How Long to the Major macOS Text Editors Take to Open Huge Files? Share
A part of my work often involves taking massive CSV files (1GB+) and analyzing the data in them. I typically use Visual Studio Code to do this, as it has the best search functionality out of the box than any other editor I've tried. But while the functionality is great, the performance is not always mind-boggling, so I've wondered if this Electron app could be beat by another more "native" Mac app. Today, I took a 1.5GB file I needed for work and opened it in the 4 editors on my work Mac (a 2015 15" MacBook Pro, 2.2 GHz Intel Core i7, and 16GB RAM).
Here's how long each app took to open the file:
Basically, BBEdit was remarkably fast at opening the file, being 4x faster than Visual Studio Code and 20x faster than Sublime. And then in terms of saving changes to the file, most apps were in the same ballpark, which I assume is because this is reliant on my SSD's ability to save the data, not the app doing anything special.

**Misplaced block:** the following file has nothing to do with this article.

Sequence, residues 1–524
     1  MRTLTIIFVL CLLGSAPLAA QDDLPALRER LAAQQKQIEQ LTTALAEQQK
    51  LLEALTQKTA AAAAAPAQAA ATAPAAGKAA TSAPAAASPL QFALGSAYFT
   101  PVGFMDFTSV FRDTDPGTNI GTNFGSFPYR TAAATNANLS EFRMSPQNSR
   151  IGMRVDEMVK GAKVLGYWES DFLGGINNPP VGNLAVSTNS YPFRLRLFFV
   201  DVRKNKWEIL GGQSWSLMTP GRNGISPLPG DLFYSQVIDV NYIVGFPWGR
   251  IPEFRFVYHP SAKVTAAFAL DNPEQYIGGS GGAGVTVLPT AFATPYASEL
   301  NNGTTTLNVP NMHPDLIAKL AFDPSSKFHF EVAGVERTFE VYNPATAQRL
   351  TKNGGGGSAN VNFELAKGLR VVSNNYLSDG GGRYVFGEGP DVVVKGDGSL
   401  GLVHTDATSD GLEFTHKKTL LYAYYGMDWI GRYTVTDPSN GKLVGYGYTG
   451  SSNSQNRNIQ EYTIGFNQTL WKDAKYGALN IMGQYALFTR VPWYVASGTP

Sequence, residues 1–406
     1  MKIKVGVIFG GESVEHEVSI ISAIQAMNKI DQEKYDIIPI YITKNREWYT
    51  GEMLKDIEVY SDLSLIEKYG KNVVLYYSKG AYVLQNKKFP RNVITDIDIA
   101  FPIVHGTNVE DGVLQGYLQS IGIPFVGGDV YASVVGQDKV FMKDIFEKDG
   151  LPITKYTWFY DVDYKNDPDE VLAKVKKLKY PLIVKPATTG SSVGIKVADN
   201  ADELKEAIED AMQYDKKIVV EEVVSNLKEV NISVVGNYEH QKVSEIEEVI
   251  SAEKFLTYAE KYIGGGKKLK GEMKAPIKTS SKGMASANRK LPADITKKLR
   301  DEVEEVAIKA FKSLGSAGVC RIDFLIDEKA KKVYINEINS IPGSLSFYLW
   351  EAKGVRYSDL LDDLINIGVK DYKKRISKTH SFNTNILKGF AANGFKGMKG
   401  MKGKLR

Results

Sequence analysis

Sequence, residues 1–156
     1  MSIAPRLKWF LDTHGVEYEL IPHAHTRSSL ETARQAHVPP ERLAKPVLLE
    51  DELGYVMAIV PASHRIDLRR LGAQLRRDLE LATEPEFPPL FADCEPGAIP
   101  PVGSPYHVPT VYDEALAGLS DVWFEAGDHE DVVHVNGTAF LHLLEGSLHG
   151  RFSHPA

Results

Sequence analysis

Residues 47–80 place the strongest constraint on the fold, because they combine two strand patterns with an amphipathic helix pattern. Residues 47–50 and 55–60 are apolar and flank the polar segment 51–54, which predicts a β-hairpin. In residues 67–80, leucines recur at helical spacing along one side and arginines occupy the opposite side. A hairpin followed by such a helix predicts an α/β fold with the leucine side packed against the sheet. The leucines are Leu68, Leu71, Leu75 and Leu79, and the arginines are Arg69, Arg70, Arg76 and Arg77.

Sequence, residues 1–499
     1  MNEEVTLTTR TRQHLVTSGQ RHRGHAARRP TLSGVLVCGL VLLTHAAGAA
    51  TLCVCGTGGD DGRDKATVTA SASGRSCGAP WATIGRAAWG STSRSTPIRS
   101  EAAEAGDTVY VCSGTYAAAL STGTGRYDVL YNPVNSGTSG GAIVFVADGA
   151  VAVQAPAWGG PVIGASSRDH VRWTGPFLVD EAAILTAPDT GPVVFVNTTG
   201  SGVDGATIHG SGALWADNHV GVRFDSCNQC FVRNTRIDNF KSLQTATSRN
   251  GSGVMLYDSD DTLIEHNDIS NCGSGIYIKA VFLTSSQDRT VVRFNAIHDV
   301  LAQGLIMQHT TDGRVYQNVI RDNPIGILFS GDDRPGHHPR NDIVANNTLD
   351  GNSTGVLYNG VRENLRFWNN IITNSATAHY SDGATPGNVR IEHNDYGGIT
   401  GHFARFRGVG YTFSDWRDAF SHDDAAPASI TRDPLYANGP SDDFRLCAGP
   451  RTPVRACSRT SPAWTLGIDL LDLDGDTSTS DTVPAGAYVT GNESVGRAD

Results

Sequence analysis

I'll leave the functionality differences be discussed by others, but is still think VSCode has the most for me, but it does have an annoying limitation of not showing more than 20,000 search results, while BBEdit shows you as many as there are in the file, even if there are over 1 million results. This isn't always an issue, but it can often be a problem with data sets this large. Sublime Text and Atom also show you unlimited results, but Atom feels sloooow most of the time and Sublime takes forever to load large files, so they're not my preferences.
Update 2: Per Michael Tsai's request, I've tried TextEdit, Excel, and Numbers as well. Excel took 84 seconds to open just 83% of the document (1,252,352 rows) and would not load the rest. Meanwhile, I gave Numbers 10 minutes and it didn't load the file. I have no idea if it ever would have, but I didn't want to subject my CPU to more time at full blast.
Update 3: I updated the chart to look a little better and accurately reflect Excel's open time. Numbers was removed due to it never actually opening the file.